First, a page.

The Revenge Of Shandaken





On the rock platform where the Catskill Mountain House now stands,

commanding one of the fairest views in the world, old chief Shandaken set

his wigwam,--for it is a mistake to suppose that barbarians are

indifferent to beauty,--and there his daughter, Lotowana, was sought in

marriage by his braves. She, however, kept faith to an early vow

exchanged with a young chief of the Mohawks. A suitor who was

particularly troublesome was Norsereddin, proud, morose, dark-featured, a

stranger to the red man, a descendant, so he claimed, from Egyptian

kings, and who lived by himself on Kaaterskill Creek, appearing among

white settlements but rarely.



On one of his visits to Catskill, a tavern-lounging Dutchman wagered him

a thousand golden crowns that he could not win Lotowana, and, stung by

avarice as well as inflamed by passion, Norsereddin laid new siege to her

heart. Still the girl refused to listen, and Shandaken counselled him to

be content with the smiles of others, thereby so angering the Egyptian

that he assailed the chief and was driven from the camp with blows; but

on the day of Lotowana's wedding with the Mohawk he returned, and in a

honeyed speech asked leave to give a jewel to the bride to show that he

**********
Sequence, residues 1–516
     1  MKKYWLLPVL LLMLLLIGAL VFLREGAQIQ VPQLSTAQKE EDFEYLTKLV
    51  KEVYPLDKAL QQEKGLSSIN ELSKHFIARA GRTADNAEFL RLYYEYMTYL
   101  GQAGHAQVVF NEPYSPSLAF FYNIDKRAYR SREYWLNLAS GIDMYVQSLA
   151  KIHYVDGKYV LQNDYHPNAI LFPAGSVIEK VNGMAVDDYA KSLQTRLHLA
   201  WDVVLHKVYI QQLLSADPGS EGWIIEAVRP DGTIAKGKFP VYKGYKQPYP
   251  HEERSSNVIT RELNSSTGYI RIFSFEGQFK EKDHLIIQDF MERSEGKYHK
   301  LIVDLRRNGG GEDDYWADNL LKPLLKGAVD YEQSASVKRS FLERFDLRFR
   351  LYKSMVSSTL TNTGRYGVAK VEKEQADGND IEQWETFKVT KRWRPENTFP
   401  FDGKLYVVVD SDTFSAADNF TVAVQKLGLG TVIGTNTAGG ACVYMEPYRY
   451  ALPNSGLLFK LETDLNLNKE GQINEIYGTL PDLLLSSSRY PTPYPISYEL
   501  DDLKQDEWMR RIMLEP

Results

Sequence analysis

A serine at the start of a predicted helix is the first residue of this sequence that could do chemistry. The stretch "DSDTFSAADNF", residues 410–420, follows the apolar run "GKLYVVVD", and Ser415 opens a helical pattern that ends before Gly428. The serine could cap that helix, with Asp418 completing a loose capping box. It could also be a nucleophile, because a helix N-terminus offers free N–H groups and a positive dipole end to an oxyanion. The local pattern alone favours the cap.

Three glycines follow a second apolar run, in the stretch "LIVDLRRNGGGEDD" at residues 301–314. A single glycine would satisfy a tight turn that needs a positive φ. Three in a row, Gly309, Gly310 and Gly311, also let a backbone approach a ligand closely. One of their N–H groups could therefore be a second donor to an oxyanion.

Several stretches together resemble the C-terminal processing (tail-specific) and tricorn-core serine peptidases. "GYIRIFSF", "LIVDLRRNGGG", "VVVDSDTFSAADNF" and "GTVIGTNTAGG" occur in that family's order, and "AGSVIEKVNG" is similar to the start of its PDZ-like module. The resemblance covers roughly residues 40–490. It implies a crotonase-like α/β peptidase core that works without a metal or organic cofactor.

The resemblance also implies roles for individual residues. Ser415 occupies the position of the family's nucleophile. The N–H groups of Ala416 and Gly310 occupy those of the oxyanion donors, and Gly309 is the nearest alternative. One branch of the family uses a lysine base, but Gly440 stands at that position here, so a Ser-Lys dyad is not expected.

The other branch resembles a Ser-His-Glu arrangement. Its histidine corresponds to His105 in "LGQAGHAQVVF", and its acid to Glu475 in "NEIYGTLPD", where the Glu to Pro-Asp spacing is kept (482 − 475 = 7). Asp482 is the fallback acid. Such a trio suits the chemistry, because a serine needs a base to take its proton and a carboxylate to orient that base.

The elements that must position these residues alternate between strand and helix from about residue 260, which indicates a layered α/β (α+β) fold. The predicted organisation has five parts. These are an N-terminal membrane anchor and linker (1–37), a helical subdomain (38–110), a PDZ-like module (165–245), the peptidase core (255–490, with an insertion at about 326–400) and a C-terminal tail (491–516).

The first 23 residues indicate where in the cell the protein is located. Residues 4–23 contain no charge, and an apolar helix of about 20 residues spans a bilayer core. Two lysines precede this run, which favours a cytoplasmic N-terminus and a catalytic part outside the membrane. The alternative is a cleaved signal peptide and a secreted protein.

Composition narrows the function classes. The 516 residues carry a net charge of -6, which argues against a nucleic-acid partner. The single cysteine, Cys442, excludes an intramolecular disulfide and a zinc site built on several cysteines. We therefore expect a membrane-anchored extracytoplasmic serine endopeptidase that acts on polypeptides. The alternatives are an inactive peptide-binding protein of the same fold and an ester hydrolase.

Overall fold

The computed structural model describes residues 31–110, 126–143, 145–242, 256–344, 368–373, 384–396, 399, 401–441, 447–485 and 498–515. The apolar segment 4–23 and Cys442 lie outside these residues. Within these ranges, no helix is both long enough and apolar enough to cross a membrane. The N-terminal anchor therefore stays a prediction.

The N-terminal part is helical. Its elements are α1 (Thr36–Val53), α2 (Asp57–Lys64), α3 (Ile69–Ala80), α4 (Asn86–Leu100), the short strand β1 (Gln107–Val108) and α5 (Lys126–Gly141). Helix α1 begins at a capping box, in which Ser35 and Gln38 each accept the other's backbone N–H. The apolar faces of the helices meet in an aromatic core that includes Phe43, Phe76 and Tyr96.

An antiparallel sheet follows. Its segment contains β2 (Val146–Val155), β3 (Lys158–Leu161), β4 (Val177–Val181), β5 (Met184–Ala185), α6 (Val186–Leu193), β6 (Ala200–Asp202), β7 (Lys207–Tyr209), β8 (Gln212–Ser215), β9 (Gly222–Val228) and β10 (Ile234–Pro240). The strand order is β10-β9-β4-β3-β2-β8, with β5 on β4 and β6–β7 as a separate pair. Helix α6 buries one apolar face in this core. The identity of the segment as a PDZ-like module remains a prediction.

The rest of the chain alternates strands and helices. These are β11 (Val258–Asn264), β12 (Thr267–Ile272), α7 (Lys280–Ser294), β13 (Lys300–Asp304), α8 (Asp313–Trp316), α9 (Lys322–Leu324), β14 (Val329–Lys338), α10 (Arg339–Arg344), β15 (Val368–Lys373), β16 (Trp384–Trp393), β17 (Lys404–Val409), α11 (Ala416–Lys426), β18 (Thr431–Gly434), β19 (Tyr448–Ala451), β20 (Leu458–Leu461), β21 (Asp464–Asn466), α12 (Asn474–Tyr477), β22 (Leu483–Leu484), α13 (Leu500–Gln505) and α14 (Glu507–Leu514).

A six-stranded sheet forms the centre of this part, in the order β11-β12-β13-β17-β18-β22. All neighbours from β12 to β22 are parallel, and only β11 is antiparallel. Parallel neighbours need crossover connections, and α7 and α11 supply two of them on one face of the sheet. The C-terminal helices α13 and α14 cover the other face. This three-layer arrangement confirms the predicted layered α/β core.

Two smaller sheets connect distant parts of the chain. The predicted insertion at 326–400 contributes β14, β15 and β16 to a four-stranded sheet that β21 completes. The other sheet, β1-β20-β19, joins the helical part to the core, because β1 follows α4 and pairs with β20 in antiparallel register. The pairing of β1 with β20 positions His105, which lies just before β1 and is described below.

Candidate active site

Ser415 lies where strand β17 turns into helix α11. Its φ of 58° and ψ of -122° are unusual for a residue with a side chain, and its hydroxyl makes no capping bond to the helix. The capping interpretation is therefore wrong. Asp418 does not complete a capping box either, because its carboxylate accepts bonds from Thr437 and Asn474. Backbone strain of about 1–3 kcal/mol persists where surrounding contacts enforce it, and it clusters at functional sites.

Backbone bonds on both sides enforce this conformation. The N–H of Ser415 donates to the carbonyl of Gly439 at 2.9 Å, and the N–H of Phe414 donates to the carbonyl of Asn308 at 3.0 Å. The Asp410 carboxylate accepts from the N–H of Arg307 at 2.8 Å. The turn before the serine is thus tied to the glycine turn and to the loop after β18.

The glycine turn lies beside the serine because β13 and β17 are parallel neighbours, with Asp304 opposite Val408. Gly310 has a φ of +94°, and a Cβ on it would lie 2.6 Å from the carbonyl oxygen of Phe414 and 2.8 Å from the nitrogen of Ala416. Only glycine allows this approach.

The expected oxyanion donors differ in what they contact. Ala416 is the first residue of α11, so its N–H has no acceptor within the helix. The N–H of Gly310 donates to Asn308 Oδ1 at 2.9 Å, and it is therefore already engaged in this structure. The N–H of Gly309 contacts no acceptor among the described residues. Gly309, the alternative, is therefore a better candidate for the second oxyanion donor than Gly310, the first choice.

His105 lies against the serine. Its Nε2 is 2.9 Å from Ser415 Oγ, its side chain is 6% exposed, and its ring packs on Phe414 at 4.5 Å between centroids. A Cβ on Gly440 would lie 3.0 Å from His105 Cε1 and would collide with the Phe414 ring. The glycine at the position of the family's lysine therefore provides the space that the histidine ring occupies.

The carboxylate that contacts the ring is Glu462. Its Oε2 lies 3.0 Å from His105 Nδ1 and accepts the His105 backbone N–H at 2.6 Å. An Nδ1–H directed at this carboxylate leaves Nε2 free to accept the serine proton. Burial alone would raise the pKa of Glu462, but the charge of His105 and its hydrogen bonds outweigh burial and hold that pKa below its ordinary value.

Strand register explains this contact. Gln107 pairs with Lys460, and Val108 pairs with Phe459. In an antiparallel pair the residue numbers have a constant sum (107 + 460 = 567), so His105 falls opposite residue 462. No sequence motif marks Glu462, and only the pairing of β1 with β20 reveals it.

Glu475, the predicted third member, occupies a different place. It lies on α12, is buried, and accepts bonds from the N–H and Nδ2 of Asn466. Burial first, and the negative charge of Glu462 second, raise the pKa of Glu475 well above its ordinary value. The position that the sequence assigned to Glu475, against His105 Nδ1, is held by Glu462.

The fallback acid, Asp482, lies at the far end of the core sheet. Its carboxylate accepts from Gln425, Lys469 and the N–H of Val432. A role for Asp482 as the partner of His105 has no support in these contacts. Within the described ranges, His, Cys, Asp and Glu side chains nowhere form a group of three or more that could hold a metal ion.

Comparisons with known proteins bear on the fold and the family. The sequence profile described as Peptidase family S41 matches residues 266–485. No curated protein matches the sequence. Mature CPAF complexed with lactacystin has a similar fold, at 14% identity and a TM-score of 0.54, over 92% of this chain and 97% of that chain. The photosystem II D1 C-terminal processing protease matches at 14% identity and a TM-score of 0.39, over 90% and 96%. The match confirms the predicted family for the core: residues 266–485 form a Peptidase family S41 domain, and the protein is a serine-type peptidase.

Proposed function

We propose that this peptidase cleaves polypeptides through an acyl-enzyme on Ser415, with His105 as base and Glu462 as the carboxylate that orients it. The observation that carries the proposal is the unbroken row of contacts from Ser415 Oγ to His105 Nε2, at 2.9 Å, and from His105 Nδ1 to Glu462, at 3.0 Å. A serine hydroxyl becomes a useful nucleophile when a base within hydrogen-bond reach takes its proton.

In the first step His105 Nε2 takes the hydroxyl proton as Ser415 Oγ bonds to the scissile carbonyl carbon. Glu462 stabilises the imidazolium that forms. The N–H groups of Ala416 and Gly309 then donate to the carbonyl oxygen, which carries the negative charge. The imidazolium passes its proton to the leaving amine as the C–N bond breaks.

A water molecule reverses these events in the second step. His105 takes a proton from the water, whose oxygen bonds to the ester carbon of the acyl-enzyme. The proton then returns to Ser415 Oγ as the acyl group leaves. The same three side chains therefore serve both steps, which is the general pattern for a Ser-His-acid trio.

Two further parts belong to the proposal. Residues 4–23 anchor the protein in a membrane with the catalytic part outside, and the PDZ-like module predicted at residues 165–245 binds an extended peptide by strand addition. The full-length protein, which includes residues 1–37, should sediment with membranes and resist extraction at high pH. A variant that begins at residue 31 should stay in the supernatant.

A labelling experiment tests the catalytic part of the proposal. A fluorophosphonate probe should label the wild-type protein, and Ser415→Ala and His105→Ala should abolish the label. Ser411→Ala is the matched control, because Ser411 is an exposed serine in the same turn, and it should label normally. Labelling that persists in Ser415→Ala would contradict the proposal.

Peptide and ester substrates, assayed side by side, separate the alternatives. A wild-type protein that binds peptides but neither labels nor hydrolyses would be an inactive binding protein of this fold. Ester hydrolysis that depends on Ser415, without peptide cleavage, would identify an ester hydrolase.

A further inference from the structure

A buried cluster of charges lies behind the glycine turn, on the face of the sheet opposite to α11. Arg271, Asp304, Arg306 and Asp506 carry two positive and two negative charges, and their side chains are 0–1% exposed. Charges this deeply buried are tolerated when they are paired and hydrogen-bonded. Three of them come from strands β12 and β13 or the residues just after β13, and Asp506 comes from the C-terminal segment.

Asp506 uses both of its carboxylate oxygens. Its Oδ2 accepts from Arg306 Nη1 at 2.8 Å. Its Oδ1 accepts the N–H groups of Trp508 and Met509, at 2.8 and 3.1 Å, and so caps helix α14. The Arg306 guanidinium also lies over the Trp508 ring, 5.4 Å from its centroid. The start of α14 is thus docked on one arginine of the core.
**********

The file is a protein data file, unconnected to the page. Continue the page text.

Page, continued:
had stifled jealousy and ill will. The girl took the handsome box he gave

her and drew the cover, when a spring flew forward, driving into her hand

the poisoned tooth of a snake that had been affixed to it. The venom was

strong, and in a few minutes Lotowana lay dead at her husband's feet.



Though the Egyptian had disappeared into the forest directly on the

acceptance of his treacherous gift, twenty braves set off in pursuit, and

overtaking him on the Kalkberg, they dragged him back to the rock where

father and husband were bewailing the maid's untimely fate. A pile of

fagots was heaped within a few feet of the precipice edge, and tying

their captive on them, they applied the torch, dancing about with cries

of exultation as the shrieks of the wretch echoed from the cliffs. The

dead girl was buried by the mourning tribe, while the ashes of

Norsereddin were left to be blown abroad. On the day of his revenge

Shandaken left his ancient dwelling-place, and his camp-fires never

glimmered afterward on the front of Ontiora.





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